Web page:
Kefir has become a health food staple in recent years and has made its way to mainstream store shelves. Being a fermented form of milk itself, it’s a fantastic buttermilk substitute. Keep in mind, it comes in everything from berry-flavored to chocolate. So, make sure you’re using an unflavored version to avoid any surprises.

How to make it: The beauty of using kefir as a buttermilk replacement is there’s to mixing or additional ingredients. Simply use it in your recipe cup for cup.

kefir is a good buttermilk substitute
via Canva

4. Non-Dairy Milk and Vinegar

If you’re looking for a vegan buttermilk substitute, you’re in luck. Thanks to the wide range of non-dairy milks on the market, you have lots of options. To make this buttermilk replacement, you can choose from oat, almond, soy, or any other plant-based milk. This is also another way you can make a buttermilk substitute with vinegar or lemon juice. 

How to make it: To make a cup of buttermilk substitute, add a tablespoon of vinegar or lemon juice to a measuring cup. Then, fill it with your favorite unsweetened non-dairy milk up to the one-cup line. Swirl it together and let the mixture sit for a few minutes until it thickens. 

bowls of various non-dairy milks
via Canva

5. Buttermilk Powder

While buttermilk tends to have a longer shelf life than other dairy products, it still might expire before you use it up. As an alternative to liquid buttermilk, you can purchase buttermilk powder. This dried form allows you to keep it in your pantry. Then, you can add water and make as much as you need at the moment. Plus, if you’re using this buttermilk substitute for baking, you can add the powder to the rest of your dry ingredients like flour and sugar.

How to make it: To make a cup of buttermilk alternative, add a ¼ cup of powder to a cup of water and whisk it together thoroughly. 

buttermilk powder on a wooden spoon
via Canva

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6. Silken Tofu Blend

Using silken tofu is another vegan buttermilk substitute that you can easily whip up. This is a softer version of tofu that’s ideal for sauces, desserts and smoothies. When puréed, it makes a smooth and rich texture. With a little water and lemon juice, it can easily mimic the feel of buttermilk.

How to make: Put a ¼ cup of silken tofu, ¾ cup of water and a tablespoon of lemon juice into a blender. You can also add a dash of salt for additional flavor. Purée it until smooth and use the mix as a replacement for one cup of buttermilk.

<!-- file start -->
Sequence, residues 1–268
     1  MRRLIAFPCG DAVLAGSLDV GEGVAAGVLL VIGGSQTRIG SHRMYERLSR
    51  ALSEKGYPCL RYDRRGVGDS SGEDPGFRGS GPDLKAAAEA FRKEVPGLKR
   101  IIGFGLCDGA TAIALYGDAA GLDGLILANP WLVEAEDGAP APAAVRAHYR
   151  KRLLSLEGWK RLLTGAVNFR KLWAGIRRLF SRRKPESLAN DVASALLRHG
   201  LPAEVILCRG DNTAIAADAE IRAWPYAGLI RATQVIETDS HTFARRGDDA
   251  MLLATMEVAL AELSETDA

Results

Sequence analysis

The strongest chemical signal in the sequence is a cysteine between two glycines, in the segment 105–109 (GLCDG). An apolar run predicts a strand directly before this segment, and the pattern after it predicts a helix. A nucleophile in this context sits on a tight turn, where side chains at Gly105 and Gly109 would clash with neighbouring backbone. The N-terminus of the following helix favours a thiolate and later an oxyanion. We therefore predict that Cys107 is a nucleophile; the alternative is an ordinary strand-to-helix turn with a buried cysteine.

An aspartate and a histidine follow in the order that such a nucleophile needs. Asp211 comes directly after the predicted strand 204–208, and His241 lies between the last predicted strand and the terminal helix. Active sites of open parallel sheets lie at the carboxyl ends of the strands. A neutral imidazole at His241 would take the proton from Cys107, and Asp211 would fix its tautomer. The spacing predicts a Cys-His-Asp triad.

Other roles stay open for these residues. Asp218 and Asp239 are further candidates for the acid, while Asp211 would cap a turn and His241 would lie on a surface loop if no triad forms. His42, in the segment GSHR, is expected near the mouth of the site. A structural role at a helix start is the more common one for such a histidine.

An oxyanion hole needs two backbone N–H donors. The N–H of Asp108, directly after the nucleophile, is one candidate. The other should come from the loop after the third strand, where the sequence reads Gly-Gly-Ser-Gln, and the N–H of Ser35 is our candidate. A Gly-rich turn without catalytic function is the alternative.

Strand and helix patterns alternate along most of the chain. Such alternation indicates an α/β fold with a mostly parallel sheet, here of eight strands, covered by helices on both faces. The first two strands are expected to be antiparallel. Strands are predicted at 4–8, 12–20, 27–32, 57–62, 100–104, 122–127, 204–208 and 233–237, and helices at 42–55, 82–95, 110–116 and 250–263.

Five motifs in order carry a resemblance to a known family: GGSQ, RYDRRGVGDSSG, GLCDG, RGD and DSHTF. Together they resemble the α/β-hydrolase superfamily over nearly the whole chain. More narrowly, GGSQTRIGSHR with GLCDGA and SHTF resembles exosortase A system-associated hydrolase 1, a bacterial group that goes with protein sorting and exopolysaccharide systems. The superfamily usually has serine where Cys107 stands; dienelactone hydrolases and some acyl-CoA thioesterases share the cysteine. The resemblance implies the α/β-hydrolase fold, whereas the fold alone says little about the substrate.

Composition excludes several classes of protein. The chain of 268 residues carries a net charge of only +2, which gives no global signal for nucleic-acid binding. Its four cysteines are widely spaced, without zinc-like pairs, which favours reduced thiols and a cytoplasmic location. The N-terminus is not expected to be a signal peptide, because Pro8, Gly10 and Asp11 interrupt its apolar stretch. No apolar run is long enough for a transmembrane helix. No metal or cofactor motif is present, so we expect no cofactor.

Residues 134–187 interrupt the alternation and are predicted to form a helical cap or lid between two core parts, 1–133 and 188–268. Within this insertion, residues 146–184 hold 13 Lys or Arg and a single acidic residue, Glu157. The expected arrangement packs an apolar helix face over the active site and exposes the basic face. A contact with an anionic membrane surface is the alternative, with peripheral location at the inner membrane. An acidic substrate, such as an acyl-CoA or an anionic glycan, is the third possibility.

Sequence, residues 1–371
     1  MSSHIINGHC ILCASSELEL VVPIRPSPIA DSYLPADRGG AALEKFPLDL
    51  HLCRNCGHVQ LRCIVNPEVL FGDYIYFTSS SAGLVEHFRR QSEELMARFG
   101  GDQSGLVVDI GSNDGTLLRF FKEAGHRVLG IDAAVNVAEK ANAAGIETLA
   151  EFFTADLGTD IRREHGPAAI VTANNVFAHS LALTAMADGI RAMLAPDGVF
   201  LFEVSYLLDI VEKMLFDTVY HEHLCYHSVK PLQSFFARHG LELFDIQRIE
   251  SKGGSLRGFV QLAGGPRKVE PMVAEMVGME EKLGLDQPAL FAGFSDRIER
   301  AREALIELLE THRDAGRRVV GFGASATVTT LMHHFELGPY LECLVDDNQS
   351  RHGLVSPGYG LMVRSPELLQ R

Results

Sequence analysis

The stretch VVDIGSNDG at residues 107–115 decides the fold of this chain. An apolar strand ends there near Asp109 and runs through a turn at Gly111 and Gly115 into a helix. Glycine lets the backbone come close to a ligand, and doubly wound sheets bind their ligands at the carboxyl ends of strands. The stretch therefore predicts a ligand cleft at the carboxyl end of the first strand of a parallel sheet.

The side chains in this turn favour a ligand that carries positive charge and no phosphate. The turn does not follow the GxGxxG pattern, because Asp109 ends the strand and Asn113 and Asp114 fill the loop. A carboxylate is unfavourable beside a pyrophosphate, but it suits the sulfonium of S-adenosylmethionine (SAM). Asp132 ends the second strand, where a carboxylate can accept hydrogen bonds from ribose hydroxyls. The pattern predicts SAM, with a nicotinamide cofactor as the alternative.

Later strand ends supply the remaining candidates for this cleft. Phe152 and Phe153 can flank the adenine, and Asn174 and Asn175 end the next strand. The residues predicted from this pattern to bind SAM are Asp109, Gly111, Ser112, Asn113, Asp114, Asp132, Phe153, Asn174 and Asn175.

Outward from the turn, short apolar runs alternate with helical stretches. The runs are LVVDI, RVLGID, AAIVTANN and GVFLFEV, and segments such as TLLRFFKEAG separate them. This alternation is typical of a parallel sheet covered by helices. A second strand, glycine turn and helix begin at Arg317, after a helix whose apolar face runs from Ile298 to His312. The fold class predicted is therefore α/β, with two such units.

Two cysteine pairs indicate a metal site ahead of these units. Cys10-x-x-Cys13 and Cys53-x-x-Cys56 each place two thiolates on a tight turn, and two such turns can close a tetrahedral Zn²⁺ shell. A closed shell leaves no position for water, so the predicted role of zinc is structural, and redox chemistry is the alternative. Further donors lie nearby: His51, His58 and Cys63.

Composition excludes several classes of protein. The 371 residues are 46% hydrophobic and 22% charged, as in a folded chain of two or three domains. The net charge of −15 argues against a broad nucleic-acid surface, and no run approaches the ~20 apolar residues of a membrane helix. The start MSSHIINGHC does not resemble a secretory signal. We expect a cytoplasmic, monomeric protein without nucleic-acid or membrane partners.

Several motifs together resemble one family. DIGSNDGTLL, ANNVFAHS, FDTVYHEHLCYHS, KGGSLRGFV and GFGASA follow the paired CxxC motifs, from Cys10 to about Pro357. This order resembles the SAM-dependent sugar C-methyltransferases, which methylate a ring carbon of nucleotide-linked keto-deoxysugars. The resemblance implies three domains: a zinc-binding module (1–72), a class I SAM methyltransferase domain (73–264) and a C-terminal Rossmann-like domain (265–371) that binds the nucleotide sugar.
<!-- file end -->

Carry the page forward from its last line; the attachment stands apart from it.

silken tofu in a bowl
via Canva

7. Dairy Milk and Lemon Juice

If you’re out of vinegar, you can also make a buttermilk substitute with lemon juice. Using either bottled or fresh-squeezed, the acidic properties cause the same reaction in normal milk as vinegar. You also follow the same super quick and easy process.

How to make: Pour or squeeze a tablespoon of lemon juice into the bottom of a measuring cup. Then, fill it with milk up to the one-cup mark. Gently stir the liquids together and give them a few minutes for the thickening reaction to occur.

lemon juice and dairy milk make a good buttermilk substitute
via Canva

8. Thinned Yogurt

You can make a simple buttermilk substitute with yogurt that you have on hand. Make sure you’re using plain, unsweetened yogurt for the best results. Depending on the recipe you’re using, you can either mix the yogurt with a thinner or swap it for buttermilk as is.

How to make: If you’re replacing buttermilk in dressing our sauces, you can replace the buttermilk with yogurt cup for cup. However, if you’re looking for a buttermilk substitute for baking, unthinned yogurt may weigh down the batter. For baked goods, thin the yogurt a little by whisking in a little water or milk to make it a lighter consistency.

thinned yogurt is a great substitute for buttermilk
via Canva

9. Milk and Cream of Tarter

Cream of tartar is a common cabinet staple that can be used to thicken frostings and baked items. To create a buttermilk substitute, you can mix it with milk for a variety of uses. The powder tends to clump up when it hits cold liquids. So, it’s easier to whisk into milk that’s been gently warmed on the stove or in the microwave.

How to make: For each cup of buttermilk needed, heat up a cup of dairy milk. Then, stir in a teaspoon and a half of cream of tartar. Allow it to sit until it thickens to the consistency of buttermilk.

cream of tartar in a bowl
via Canva